Brexit and Health and Social Care Inquiry
19 May 2017
The Parliamentary Health Committee’s recent report on the work done by this Inquiry gives an interesting insight into some of the issues that Brexit raises for those working in, and regulating, the pharmaceutical and healthcare sectors.
Whilst the Inquiry was cut short by the General Election, the Health Committee has identified the following areas as ones where Brexit will have a critical effect:
- “The UK’s health and social care workforce- both those who are here now, and those we will need in the future
- Reciprocal healthcare coverage and cross-border healthcare
- Medicines, products, medical devices, clinical trials and wider health research
- Public health, including environmental protections and communicable diseases;
- Resources, including EU agencies, funding programmes, networks and health in overseas aid
- Market functioning and trade agreements”
Several of these issues are likely to be of particular importance in Northern Ireland, given factors such as the provision of specialist healthcare services on a cross-border basis. It is also notable that in the Belfast Telegraph’s recently published Top 100 Northern Ireland Companies 2017, 10% of the listed firms were either directly involved in the healthcare or pharmaceutical sectors, or in the supply of specialised products to those sectors.
In terms of the health and social care workforce and the issue of the mutual recognition of qualifications, both the General Medical Council (‘the GMC’) and the Nursing & Midwifery Council (‘the NMC’) have indicated that they consider Brexit offers an opportunity to make changes to the existing regulatory approach. In particular, to enhance competency testing for European applicants for inclusion on UK registers, to ensure it is consistent with competency testing of other doctors qualified overseas. Indeed, the GMC wishes to introduce a common assessment for all medical graduates seeking a place on the medical register, including British doctors trained in the UK. The Health Committee’s view was that any regulatory regime imposed will need to adequately protect patient safety, whilst not being so bureaucratic as to deter the potential applicants needed to ensure an adequate workforce to meet the UK’s needs.
The Health Committee has recommended that future regulatory arrangements should be established by a process which involves consultation with all stakeholders and full Parliamentary scrutiny. It was noted that the Government was considering new primary legislation to reform the professional regulation of health and social care and considers this should be the vehicle to reform the implementation of the ‘Mutual Recognition of Professional Qualification’ directive in UK law. The Health Committee did not consider that this should be amended by way of delegated legislation, under provisions granted by the ‘Great Repeal Bill’.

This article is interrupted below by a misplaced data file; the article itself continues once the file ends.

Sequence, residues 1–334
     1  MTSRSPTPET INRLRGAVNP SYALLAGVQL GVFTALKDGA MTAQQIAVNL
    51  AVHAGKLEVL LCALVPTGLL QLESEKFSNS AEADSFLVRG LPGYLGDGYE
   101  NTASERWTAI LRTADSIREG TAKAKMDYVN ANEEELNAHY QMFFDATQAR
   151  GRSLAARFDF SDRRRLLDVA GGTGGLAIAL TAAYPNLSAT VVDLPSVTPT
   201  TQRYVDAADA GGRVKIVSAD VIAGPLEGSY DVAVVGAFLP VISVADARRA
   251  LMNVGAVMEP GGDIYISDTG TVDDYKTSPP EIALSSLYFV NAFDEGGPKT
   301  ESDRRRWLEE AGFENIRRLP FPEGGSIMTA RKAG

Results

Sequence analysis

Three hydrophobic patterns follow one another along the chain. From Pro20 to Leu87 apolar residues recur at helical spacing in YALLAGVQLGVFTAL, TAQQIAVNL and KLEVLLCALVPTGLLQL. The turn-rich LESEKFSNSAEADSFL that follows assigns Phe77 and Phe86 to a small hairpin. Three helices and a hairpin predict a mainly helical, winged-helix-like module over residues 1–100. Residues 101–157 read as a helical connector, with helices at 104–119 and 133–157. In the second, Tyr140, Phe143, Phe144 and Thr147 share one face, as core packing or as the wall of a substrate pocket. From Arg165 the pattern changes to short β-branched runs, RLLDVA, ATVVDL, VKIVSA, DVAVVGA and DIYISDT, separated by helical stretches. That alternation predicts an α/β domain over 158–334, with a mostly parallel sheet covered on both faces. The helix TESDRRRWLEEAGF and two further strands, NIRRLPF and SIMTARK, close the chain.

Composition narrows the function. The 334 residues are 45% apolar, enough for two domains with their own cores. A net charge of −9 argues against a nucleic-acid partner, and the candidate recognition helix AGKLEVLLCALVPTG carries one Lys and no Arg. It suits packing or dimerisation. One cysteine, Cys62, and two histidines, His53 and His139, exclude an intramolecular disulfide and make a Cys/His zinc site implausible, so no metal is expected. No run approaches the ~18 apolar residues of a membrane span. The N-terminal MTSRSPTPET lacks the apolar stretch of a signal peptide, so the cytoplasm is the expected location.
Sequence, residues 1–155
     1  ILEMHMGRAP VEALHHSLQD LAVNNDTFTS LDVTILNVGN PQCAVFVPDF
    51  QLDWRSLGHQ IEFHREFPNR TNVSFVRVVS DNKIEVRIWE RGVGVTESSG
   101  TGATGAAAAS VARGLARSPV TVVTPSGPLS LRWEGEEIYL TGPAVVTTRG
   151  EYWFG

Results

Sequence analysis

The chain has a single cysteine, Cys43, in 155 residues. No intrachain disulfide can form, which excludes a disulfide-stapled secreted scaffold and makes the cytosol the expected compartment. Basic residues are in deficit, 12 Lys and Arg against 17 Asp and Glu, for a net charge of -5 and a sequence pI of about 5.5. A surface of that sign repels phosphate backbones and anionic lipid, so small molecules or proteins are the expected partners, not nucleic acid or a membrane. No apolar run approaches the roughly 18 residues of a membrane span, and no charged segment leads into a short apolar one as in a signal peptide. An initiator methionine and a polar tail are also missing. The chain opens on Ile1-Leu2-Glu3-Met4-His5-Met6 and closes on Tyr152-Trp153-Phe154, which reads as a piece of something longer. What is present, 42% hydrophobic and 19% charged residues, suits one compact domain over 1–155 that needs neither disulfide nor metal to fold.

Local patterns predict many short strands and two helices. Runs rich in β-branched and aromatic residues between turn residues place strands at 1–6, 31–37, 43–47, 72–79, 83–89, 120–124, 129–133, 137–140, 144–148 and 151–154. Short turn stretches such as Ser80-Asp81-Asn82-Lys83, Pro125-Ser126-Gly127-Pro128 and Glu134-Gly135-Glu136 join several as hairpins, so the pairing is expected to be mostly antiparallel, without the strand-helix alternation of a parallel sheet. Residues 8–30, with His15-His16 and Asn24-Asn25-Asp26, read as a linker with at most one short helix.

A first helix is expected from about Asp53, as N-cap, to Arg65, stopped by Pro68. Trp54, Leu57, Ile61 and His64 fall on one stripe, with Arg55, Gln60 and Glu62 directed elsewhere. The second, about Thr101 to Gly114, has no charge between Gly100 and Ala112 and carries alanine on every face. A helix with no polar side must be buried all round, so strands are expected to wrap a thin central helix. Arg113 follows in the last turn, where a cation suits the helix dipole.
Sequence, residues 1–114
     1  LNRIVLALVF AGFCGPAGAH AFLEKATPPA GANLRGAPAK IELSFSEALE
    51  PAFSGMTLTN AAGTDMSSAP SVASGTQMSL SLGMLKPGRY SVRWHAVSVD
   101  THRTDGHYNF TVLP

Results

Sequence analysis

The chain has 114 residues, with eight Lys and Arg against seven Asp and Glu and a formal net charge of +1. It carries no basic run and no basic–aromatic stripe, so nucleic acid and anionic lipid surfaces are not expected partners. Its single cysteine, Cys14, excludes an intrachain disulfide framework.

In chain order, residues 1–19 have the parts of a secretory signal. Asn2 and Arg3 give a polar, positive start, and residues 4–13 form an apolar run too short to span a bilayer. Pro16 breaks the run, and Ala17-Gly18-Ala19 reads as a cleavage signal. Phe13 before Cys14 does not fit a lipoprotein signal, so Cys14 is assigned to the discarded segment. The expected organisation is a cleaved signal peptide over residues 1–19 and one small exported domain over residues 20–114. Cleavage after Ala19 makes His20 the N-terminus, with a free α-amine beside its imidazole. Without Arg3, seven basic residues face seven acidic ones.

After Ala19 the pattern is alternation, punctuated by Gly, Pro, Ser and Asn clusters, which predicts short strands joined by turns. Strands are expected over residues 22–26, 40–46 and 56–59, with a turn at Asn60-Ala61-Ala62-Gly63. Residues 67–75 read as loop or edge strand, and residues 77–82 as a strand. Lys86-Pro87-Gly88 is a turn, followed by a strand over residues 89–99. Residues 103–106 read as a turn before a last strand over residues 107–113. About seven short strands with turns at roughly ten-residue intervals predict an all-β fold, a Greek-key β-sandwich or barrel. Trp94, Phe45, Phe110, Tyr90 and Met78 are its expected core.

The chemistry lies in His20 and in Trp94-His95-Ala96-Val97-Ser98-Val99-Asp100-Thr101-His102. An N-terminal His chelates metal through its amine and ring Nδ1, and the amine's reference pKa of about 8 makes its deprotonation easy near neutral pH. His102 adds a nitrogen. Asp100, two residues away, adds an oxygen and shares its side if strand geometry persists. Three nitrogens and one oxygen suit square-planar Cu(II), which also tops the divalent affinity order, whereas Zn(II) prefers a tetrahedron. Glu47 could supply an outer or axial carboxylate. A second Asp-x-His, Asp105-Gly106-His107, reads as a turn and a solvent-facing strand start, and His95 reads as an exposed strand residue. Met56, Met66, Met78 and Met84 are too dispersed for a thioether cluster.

It was also noted that any future Brexit negotiations should take account of the fact that it would not be in the interests of patients to lose access to the current alert mechanisms which identify potentially dangerous practitioners and which exist as part of EU law on mutual recognition of qualifications.
In terms of reciprocal health, the Health Committee concluded (unsurprisingly) that it was in the interests of British people living across the EU to maintain simple and comprehensive reciprocal healthcare arrangements.
The Health Committee’s work was cut short by the Election before they had an opportunity to fully consider the other issues identified above. The Health Committee did, however, touch on the important issue of whether the UK will remain within the European Medicines Agency. The Health Committee also noted that choices will have to make to ensure safe access to drugs, products and devices of human origin. It was also considered that Brexit may give an opportunity to plug any regulatory gaps in this area and adapt regulation to new technologies and personalised medicines.
The Health Committee Report highlights some of the particular challenges that Brexit will pose to the healthcare sector. It also highlights the opportunities that it will bring and it is to be hoped that those will be grasped.
For more information, please contact Leigh Linton, a Partner in the Healthcare team.